Many years ago I used to work with clay.  I loved it!  I did it for about four years and my skill level was just at the point where some serious work was beginning to happen.  Mostly, I made bowls and boxes to sell at art fairs and shops, but I was getting into big, sculptural work.

We had a community of clay artists who remain as some of my favorite people to this day.  I saw Roberta and Maryanne when I was in Chicago a couple of months ago:

Patte, Kate and Andi at the back, Maryanne and Roberta in front.   Chicago clay artists in the late 1980's.

We made many wonderful things and then there were those awful ones, best used smashed as fillers for the bottoms of flower pots.  I used to imagine our work being excavated a couple hundreds of years from now...  remnants of a lost civilization.  What would the future archaeologists think of us?

Art festival in Chicago, 1995
By the mid 90's, I had moved on to fiber, hooked forever.  Clay had become impractical and I wanted something that I could work on at home.  Almost everything that I make now would rot away if it was buried.  From dust to dust.  That really appeals to me!

"Garden Greens" by Rayela Art,  $370

So, I sew, embroider and fold paper, salvaged from my dog's food bags.  That is, theoretically, I do.  I haven't made much since I launched TAFA almost two years ago, but my hope is that I will have more time once our new site is launched.  I have lots of ideas in my head that are begging to come out, all biodegradable!

Prairie Point Centerpiece, "Golden Flower" by Rayela Art, $150

I have several pillows, a couple of hats, dogfood bags, pillows and some other things I've made in my Etsy shop:  Rayela on Etsy.  I moved everything I made into that link to make it easy to find.  You will see that I love texture and little pieces of things brought together to make something bigger...  I try to use recycled supplies that might have ended up in the dump.  And, I like interesting fabrics, a distressed look...  earthiness.  Appropriate, eh?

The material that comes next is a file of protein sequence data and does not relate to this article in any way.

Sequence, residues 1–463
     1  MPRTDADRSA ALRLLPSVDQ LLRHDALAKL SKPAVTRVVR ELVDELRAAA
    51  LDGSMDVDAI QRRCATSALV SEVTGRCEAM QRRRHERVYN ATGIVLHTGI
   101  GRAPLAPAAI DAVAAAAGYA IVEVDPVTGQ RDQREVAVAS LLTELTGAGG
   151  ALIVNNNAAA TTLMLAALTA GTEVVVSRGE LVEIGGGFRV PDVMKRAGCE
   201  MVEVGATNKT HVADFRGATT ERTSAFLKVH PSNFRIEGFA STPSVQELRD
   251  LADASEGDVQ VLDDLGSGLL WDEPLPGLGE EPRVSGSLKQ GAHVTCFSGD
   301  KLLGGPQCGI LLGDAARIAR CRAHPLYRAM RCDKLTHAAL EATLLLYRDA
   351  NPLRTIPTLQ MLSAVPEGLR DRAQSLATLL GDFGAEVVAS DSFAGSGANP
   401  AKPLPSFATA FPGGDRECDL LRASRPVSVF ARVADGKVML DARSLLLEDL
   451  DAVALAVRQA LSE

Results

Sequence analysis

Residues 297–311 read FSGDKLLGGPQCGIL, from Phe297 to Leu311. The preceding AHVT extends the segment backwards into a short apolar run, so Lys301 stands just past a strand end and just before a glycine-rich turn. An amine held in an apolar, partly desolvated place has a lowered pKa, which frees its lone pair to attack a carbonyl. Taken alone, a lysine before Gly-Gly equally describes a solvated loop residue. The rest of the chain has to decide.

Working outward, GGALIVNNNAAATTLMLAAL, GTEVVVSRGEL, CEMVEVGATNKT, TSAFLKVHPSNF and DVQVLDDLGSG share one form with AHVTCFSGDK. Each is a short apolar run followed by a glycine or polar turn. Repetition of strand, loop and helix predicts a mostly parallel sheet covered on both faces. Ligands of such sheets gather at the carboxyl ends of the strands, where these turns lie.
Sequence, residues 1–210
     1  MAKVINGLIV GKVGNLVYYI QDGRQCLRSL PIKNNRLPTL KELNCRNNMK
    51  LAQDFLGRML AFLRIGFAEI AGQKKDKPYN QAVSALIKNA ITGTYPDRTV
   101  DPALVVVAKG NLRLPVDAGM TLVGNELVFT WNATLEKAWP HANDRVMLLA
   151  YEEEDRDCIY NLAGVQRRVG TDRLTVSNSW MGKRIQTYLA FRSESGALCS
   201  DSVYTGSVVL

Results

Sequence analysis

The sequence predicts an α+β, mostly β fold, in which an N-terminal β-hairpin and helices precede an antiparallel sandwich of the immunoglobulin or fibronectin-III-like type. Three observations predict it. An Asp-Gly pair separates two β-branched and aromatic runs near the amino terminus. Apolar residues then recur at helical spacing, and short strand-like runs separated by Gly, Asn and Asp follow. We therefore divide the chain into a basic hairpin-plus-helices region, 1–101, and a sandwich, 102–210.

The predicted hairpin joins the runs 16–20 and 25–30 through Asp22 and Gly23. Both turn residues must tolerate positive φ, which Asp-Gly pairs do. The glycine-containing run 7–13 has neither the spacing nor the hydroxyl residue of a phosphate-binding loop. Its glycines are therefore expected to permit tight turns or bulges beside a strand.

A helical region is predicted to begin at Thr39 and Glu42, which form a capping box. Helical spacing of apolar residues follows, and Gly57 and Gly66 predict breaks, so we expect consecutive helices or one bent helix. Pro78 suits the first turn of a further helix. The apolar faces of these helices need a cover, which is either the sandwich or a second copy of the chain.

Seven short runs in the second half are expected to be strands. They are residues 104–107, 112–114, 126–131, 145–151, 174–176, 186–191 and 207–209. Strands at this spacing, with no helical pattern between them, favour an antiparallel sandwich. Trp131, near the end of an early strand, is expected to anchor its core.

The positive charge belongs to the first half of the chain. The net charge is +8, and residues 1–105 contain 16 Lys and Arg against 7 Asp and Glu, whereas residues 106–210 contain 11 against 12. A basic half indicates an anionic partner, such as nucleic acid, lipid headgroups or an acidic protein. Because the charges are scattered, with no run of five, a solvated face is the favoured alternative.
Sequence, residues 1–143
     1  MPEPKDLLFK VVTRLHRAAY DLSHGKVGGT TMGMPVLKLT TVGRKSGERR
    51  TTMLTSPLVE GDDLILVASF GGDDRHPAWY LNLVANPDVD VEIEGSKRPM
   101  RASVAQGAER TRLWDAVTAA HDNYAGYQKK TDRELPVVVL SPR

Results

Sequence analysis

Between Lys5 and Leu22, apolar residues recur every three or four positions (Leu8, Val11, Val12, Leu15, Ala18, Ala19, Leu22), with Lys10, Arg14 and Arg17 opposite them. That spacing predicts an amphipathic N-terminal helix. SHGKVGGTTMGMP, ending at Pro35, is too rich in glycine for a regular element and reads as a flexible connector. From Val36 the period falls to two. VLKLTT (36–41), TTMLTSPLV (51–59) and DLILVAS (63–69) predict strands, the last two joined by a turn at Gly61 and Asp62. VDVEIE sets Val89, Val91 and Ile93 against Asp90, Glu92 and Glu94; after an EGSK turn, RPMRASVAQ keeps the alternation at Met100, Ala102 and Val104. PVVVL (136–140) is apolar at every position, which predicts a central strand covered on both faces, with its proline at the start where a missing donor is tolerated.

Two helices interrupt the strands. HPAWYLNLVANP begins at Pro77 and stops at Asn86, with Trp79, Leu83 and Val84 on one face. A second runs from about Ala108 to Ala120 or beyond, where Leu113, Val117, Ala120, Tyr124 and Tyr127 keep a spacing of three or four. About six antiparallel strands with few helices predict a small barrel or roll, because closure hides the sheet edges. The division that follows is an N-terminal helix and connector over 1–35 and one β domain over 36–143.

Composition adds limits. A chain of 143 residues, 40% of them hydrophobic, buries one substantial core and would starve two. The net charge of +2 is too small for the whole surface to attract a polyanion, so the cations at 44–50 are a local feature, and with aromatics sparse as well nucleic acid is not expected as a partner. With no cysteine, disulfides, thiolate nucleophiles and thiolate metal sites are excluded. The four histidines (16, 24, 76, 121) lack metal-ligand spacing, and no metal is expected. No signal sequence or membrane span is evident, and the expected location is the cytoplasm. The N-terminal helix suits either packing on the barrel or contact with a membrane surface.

Reversible Hat, "Geisha's Garden", Rayela Art, $42

Look at the rest of the shop, too.  I sell mostly ethnic textiles and vintage supplies.  Everything is on sale through Thanksgiving Day, November 24th.

Coupon Code:  You MUST enter this code at check out to get the discount:  NOVEMBERSALE.

Rachel Biel working with clay, 1989

How about you?  Do you think of how your carbon footprint will impact the future?


Friday, November 11, 2011

Ralli Quilts on Sale: 25% Off!

Dimensions: 82" long x 59" wide
Metric: 208.5 x 150 cm

Ralli #95, $140  (discounted to $105)

I have posted quite a bit about ralli quilts in this blog.  If you would like to learn more about them, click here to see the past posts.  Made in villages throughout India and Pakistan, ralli quilts have been a big favorite of mine and I buy them when I can.  Mothers have handed the designs down to their daughters for generations and finishing off a ralli is a communal event, much like our historical quilting bees.  Women sit around the unfinished piece, stitching the long rows that will hold it together.  I love the uneven squares, the sometimes odd choices of fabric, and the multi-functional role these pieces have served:  bed quilt, wall hanging and even as a door in the village huts...

I have five rallis left in my Etsy shop.  You can see all of them on this page:  click!  Two are simple whole cloth quilts, priced at $60 and $75.  The discount would bring them down to $45 and $56.25.  The one shown at the top of this post is the biggest one, in very good, usable condition.

This one is my favorite and the most expensive one I have ever carried:

Dimensions: 62" long x 43" wide
Metric: 157.5 x 109 cm

Ralli #93, $350  (discounted to $262.50)

Small and fragile, this ralli would have to be used as a wall hanging or as a decorative throw such as on a guest bed.  It would only cover the foot or middle of a bed.  The applique and color choices are lovely!

Another favorite is this wonky checkered ralli:

Dimensions: 78" long x 50" wide
Metric: 198 x 127 cm

Ralli #94, $135  (discounted to $101.25)